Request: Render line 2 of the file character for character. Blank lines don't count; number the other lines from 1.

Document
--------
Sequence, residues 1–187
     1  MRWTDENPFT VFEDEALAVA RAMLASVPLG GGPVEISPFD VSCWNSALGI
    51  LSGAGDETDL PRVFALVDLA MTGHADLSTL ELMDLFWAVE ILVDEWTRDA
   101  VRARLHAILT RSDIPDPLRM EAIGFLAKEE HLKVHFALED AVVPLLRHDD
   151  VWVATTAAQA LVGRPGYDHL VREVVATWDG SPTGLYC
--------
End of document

     1  MRWTDENPFT VFEDEALAVA RAMLASVPLG GGPVEISPFD VSCWNSALGI